Ever wondered what it's like to sneak across Tibet with your best childhood pal in the guise of androgynous Chinese cyclists? To test the limits of sanity, friendship, nations, and an inadvertent ramen noodle cleanse while pedaling for ten months through ten countries, many of whose names end in 'stan'? To set off for Mars, determined to be a modern-day explorer, and end up—marvelous error!—on a bicycle on the Silk Road instead?

Well hold your breath no more (er, until the spring of 2017 January 30, 2018), because I have just the book for you! I'm thrilled to share the news that Knopf Canada will publish "Lands of Lost Borders," a travel memoir based on my and Melissa Yule's Cycling Silk expedition. Can't wait to share this mad, wondrous adventure with you all in words. Now I just have to finish writing them. So if I'm a total recluse for the next year or so, you'll know why...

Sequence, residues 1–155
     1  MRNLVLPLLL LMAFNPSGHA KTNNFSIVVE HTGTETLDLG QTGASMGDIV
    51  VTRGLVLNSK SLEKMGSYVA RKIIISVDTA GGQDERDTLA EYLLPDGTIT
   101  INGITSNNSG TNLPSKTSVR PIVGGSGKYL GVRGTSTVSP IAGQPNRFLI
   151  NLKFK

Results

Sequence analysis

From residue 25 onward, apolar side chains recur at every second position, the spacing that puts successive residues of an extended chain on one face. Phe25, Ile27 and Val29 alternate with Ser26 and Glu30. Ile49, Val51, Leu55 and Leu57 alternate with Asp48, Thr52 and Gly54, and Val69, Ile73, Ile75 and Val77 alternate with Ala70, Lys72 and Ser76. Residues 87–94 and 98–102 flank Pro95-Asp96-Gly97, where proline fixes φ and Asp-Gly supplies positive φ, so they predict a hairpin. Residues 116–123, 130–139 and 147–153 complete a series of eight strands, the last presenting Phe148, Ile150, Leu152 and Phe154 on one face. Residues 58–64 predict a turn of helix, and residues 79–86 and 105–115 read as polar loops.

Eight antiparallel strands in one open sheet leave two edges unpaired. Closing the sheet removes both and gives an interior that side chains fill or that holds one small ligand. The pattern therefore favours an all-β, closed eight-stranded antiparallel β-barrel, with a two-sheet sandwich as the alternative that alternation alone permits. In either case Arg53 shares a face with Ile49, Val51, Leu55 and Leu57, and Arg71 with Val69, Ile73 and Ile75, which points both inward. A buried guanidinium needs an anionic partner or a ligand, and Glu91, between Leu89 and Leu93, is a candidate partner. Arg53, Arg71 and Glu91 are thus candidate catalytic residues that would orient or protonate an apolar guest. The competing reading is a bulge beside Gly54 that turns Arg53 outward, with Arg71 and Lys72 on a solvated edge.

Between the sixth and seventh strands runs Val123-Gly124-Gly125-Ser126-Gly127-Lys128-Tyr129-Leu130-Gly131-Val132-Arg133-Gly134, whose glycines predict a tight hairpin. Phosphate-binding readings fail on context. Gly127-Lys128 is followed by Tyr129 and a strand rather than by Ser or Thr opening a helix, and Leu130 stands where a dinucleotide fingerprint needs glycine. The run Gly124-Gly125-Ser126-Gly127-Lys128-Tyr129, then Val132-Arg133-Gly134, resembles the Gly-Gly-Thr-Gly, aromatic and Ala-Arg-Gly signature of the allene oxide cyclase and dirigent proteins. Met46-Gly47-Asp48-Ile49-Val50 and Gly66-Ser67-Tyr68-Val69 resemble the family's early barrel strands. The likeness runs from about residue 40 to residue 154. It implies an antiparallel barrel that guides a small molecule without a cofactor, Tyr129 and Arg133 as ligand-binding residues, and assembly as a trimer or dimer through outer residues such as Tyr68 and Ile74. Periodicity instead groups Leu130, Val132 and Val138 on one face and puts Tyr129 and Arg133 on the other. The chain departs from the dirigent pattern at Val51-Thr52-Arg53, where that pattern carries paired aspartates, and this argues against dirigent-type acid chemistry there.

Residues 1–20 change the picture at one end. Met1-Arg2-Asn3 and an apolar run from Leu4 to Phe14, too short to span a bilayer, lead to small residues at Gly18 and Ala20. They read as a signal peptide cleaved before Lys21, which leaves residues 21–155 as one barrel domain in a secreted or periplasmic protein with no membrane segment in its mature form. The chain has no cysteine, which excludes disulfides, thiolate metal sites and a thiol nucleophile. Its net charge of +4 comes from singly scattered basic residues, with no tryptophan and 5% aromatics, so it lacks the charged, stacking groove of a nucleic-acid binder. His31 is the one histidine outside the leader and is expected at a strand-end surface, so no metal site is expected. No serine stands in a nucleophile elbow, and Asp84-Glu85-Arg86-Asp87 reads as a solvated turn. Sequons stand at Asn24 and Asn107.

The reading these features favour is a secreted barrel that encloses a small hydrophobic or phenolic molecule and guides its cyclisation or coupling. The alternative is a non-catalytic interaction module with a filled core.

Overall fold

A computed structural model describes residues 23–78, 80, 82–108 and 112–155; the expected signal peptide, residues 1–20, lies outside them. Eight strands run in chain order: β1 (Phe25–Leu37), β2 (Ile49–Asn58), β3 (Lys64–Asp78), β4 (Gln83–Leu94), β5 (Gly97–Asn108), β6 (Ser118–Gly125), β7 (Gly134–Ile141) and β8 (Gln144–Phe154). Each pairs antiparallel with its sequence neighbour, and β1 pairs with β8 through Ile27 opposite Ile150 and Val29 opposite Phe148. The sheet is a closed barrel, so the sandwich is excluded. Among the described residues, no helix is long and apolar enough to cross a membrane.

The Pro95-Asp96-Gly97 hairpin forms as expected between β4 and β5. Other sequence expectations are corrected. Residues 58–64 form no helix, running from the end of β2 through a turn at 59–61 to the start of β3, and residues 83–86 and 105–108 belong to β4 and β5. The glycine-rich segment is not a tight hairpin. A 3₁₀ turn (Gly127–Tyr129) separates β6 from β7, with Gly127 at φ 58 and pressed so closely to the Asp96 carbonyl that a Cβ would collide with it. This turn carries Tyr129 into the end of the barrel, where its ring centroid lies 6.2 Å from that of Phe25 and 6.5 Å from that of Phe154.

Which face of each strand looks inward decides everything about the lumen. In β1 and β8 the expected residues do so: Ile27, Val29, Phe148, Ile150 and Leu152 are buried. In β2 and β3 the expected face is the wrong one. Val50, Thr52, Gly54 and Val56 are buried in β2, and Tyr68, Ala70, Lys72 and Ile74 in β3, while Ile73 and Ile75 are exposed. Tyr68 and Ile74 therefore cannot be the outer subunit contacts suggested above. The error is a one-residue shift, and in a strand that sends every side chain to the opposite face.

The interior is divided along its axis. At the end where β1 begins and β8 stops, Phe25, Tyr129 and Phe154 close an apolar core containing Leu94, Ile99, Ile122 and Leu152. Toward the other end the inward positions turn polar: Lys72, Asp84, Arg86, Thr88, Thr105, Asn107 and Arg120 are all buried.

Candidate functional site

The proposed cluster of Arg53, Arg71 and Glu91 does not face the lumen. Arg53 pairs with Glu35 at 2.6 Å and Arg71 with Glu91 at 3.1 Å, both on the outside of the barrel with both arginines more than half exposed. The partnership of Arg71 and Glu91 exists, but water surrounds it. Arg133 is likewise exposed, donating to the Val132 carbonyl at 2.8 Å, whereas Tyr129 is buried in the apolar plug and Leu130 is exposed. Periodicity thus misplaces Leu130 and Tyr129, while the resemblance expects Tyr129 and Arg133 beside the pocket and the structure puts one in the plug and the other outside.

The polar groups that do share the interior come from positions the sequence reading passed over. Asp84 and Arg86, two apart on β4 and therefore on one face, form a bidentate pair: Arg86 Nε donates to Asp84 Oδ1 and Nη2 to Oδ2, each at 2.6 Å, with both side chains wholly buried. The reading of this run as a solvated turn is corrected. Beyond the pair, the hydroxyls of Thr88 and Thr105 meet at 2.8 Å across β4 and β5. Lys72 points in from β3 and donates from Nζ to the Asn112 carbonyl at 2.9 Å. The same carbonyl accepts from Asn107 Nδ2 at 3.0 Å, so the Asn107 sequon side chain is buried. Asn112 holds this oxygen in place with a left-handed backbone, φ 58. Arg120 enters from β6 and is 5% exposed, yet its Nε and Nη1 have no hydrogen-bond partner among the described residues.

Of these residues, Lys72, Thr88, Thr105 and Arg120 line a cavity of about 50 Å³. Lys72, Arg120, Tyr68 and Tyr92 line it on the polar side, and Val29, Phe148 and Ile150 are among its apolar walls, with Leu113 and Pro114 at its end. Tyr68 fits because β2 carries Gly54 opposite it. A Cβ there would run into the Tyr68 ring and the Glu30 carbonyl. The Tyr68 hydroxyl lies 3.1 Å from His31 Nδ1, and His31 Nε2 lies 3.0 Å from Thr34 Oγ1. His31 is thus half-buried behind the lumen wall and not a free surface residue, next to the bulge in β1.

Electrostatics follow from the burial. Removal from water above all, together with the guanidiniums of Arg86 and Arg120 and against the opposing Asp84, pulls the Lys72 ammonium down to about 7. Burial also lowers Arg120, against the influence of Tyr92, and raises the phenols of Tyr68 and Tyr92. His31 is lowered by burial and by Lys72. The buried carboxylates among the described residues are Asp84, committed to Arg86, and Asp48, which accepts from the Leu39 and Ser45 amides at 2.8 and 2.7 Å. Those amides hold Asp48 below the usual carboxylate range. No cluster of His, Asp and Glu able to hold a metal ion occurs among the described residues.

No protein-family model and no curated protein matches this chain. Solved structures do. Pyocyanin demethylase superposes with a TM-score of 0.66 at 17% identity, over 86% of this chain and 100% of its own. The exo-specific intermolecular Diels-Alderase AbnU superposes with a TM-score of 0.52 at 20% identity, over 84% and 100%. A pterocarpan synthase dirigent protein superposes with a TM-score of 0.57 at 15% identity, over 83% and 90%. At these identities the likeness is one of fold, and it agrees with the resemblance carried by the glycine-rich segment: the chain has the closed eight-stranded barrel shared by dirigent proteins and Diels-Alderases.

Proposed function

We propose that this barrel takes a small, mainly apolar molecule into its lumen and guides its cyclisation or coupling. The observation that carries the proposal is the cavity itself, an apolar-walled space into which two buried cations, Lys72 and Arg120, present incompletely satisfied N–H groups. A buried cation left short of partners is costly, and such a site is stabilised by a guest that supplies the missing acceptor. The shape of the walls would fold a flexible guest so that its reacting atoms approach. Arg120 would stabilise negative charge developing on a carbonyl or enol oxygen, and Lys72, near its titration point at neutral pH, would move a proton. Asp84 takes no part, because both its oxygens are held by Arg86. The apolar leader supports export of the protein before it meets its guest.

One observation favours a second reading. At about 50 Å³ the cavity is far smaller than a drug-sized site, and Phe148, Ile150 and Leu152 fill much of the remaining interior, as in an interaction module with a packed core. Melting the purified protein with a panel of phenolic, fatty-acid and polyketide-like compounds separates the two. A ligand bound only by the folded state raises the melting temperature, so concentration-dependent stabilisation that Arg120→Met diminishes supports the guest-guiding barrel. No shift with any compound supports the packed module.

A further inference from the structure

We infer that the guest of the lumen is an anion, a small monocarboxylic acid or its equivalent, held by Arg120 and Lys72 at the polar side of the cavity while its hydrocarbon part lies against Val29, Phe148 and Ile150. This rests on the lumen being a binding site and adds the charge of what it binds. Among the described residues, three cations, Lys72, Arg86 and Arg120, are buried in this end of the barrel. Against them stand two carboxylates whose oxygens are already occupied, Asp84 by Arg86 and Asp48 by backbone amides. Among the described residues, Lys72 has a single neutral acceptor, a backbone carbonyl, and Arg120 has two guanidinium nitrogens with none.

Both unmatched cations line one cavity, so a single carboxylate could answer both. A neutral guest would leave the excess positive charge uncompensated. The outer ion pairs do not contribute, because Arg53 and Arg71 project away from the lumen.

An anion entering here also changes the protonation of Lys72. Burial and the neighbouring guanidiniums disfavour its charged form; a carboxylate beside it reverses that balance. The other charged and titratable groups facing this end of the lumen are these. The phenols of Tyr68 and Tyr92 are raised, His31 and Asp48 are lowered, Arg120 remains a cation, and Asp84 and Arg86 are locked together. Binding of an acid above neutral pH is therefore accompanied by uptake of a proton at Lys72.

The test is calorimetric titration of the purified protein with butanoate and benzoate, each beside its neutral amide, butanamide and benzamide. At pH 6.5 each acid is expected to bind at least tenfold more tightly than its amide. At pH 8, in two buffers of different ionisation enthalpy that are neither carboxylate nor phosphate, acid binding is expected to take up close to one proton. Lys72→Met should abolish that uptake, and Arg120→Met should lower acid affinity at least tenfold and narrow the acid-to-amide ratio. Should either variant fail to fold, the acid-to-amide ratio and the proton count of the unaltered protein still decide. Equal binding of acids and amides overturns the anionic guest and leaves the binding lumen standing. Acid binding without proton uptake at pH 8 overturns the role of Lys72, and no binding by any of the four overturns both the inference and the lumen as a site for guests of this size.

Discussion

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AuthorKate Harris
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Writing. Such an odd, solitary, snail-paced way to engage with the world, or live trying. At the Brooklyn Book Festival I went to this past weekend, one panelist described writing as "hellish good fun." Elif Batuman, another panelist (and a nonfiction writer I admire), recalled those scenes in "Sex and the City" in which Carrie, a writer, languidly completes her under-deadline column while eating ice cream in bed. "I mean, that's completely antithetical to the spirit of writing," said Batuman, only sort of joking. Panelist and legendary journalist Renata Adler, her signature braid slung over her shoulder, noted that the only reward a writer can ever hope for upon finishing a piece is "the calm good conscience of some limited achievement." Yes, indeed.

So when you wake up one morning to learn that your essay has been listed as a notable selection in Best American Travel Writing 2015, you know the achievement may be limited, but the ice cream is deserved. Big thanks once again to The Georgia Review for believing in (and publishing) my travel piece "Lands of Lost Borders," and to the Best American series for taking note of it. You can read the essay online, if you're so inclined, here.

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AuthorKate Harris